When Herodias divorces her husband and marries his brother Herod Antipas, governor of Judea, the prophet John the Baptist protests and is imprisoned. Salome, daughter of Herodias and both ... See full summary »
One of the first feminist movies, The Smiling Madame Beudet is the story of an intelligent woman trapped in a loveless marriage. Her husband is used to playing a stupid practical joke in ... See full summary »
Two peasant children, Mytyl and Tyltyl, are led by Berylune, a fairy, to search for the Blue Bird of Happiness. Berylune gives Tyltyl a cap with a diamond setting, and when Tyltyl turns the... See full summary »
Edwin E. Reed
Lot in Sodom is a sensual depiction of the Sodom and Gomorrah story filled with sinewy and semi-clad bodies, delirious bacchanales devoted to physical pleasure, and a searing, cataclysmic ... See full summary »
James Sibley Watson,
In the reign of emperor Tiberius, Gallilean prophet John the Baptist preaches against King Herod and Queen Herodias. The latter wants John dead, but Herod fears to harm him due to a ... See full summary »
A psychedelic re-telling of the biblical story. Salome is the daughter of the second wife of King Herod. The King is infatuated with her and after she fails to seduce the prophet John (The ... See full summary »
In the castle Vogeloed, a few aristocrats are awaiting baroness Safferstätt. But first count Oetsch invites himself.. Everyone thinks he murdered his brother, baroness Safferstat's first ... See full summary »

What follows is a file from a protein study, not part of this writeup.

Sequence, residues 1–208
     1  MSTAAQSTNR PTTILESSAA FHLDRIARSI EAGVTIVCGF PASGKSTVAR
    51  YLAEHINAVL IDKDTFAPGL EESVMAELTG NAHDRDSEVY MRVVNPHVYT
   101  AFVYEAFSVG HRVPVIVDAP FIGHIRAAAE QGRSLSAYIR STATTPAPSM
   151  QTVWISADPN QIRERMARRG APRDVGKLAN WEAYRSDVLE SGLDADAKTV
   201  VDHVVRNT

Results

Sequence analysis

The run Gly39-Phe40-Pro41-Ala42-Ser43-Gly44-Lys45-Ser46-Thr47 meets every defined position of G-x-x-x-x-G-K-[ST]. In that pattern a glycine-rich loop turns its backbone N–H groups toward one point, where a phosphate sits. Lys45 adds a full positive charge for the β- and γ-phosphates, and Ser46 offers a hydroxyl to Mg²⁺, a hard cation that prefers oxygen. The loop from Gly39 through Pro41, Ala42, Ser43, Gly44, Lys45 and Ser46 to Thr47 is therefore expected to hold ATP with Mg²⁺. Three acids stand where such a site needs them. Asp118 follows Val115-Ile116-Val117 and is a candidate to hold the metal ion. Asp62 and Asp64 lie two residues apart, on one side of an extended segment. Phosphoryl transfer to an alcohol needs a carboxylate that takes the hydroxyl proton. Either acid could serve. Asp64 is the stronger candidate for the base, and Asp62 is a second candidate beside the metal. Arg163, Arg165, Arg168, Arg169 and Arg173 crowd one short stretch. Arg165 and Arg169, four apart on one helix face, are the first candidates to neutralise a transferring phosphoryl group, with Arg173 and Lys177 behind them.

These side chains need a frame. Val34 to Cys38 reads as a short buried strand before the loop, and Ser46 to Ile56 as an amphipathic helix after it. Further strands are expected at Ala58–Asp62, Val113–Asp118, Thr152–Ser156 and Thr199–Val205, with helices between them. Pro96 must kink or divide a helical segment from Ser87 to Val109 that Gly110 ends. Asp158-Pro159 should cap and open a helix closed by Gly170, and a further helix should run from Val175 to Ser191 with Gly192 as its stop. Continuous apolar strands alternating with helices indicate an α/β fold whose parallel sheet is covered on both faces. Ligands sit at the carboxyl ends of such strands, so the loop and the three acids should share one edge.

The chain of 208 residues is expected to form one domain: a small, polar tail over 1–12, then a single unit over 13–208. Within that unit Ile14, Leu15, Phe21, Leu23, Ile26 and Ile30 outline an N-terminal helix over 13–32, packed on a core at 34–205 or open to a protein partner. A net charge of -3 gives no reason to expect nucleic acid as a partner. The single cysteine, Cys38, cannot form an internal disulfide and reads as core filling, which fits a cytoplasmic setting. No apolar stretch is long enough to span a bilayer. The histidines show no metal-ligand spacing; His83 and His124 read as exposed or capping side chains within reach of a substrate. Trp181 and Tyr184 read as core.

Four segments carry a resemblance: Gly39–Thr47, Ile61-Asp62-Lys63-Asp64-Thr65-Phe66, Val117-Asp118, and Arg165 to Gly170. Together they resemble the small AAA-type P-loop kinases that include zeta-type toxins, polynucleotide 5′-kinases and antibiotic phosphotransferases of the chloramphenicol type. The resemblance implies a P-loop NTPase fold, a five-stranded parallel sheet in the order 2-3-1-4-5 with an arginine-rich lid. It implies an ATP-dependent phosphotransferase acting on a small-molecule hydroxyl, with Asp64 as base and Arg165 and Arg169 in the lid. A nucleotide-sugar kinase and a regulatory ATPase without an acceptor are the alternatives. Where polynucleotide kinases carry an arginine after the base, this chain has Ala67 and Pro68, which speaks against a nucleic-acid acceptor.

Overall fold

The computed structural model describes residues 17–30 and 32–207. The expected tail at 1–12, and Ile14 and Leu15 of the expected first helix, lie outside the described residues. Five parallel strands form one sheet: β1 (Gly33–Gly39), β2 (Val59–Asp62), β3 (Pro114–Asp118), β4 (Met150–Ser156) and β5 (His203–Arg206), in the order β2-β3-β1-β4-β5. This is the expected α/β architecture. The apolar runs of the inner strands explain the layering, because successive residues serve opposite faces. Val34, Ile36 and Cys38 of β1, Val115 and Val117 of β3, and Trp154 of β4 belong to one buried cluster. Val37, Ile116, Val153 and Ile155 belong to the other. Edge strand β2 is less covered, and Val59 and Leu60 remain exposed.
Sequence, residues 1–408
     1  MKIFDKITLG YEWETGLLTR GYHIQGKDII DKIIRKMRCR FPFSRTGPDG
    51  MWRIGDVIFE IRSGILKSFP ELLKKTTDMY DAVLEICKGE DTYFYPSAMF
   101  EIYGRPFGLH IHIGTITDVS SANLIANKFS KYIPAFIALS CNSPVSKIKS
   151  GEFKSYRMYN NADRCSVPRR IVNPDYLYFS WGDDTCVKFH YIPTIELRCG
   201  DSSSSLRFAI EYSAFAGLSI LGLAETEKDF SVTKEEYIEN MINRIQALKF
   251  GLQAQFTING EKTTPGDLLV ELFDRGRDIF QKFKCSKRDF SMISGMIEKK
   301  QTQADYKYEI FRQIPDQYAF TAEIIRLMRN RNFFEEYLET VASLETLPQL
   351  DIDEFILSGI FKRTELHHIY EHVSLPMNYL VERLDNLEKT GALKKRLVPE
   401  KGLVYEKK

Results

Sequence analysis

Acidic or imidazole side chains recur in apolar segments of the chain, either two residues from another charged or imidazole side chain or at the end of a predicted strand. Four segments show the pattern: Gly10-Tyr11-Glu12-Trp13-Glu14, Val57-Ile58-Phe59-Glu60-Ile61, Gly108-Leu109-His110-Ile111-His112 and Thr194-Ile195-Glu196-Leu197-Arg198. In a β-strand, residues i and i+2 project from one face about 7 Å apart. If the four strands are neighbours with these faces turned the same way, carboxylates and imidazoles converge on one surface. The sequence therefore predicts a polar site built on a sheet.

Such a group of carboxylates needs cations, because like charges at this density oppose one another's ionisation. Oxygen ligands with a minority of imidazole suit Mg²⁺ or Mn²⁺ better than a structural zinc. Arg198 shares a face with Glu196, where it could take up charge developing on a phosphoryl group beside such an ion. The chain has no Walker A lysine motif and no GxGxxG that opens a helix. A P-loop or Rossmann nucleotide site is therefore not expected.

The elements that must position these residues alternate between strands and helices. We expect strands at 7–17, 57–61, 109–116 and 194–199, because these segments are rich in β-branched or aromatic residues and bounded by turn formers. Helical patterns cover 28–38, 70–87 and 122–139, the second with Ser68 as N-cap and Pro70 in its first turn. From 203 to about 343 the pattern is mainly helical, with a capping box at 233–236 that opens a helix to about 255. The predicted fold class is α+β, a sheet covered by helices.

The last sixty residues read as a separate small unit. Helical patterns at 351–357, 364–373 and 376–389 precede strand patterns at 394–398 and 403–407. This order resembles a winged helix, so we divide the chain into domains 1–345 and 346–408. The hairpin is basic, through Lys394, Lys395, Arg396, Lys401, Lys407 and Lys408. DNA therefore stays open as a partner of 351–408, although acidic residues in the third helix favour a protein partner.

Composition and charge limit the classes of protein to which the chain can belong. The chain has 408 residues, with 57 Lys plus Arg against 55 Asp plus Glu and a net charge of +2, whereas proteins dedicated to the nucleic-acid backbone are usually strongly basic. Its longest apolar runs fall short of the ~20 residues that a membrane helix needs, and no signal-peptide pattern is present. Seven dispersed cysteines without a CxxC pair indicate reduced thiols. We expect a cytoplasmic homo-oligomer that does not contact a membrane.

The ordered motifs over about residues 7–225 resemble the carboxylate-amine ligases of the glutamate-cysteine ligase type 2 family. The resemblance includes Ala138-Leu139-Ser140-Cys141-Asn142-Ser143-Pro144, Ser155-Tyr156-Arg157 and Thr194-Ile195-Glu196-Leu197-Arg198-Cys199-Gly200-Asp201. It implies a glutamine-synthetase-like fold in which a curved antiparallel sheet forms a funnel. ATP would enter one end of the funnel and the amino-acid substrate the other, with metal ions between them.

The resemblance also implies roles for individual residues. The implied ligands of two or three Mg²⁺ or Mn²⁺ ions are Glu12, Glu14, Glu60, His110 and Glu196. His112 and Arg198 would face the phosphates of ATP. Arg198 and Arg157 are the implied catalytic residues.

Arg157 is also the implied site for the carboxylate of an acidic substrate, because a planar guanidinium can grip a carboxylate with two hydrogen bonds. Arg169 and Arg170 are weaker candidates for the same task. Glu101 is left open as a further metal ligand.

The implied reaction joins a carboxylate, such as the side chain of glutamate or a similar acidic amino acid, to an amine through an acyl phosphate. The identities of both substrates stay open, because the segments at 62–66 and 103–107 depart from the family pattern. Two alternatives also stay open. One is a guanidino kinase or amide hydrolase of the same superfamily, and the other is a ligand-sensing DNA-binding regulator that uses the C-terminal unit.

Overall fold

100.000.000 peasants - illiterate, poor, hungry. There comes a day when one woman decides that she can live old life no longer. Using ways of new Soviet state and industrial progress she changes life and labor of her village.
Sergei M. Eisenstein
The story of Salomé told as one of extreme love and vengeance. A director prepares a troupe of flamenco dancers for a performance. He summarizes the story and describes his spring for the ... See full summary »
Salome, the daughter of Herodias, seduces her step-father/uncle Herod, governor of Judea, with a salacious dance. In return, he promises her the head of the prophet John the Baptist. Written by
Jim Beaver <email@example.com>
By the early 1920s, Alla Nazimova had lost her standing as one of the premiere actresses of her time. She had an appeal some compare to Greta Garbo, with much-acclaimed performances in films such as "War Brides" (1916), "Revelation" (1918), and "Out of the Fog" (1919). Unfortunately, these films are presently unavailable. Today, Nazimova's most widely seen silent film appears to be her ludicrously impressionistic version of "Camille" (1921), which was precisely the sort of film which made audiences and exhibitors conclude Nazimova's star had set. By the time "Salome" was released, her appeal was low.
This is unfortunate because "Salome" was the best of Nazimova's art-house period, and could have been a hit comparable to some of the foreign imports of the day. It follows the plot of Oscar Wilde's play, but works more as a visual feast of images. Nazimova's opening hair style alone is among best in all of filmdom. A heavily "homosexual look" (many said) to the film has been said to stem from Nazimova's use of an exclusively gay cast and crew, including most notable stylistic contributions from Natacha Rambova (aka Mrs. Rudolph Valentino). Like a lot of hyperbolized Hollywood, the whole is more of a bisexual affair.
********* Salome (10/22) Charles Bryant ~ Nazimova, Nigel de Brulier, Mitchell Lewis, Rose Dione
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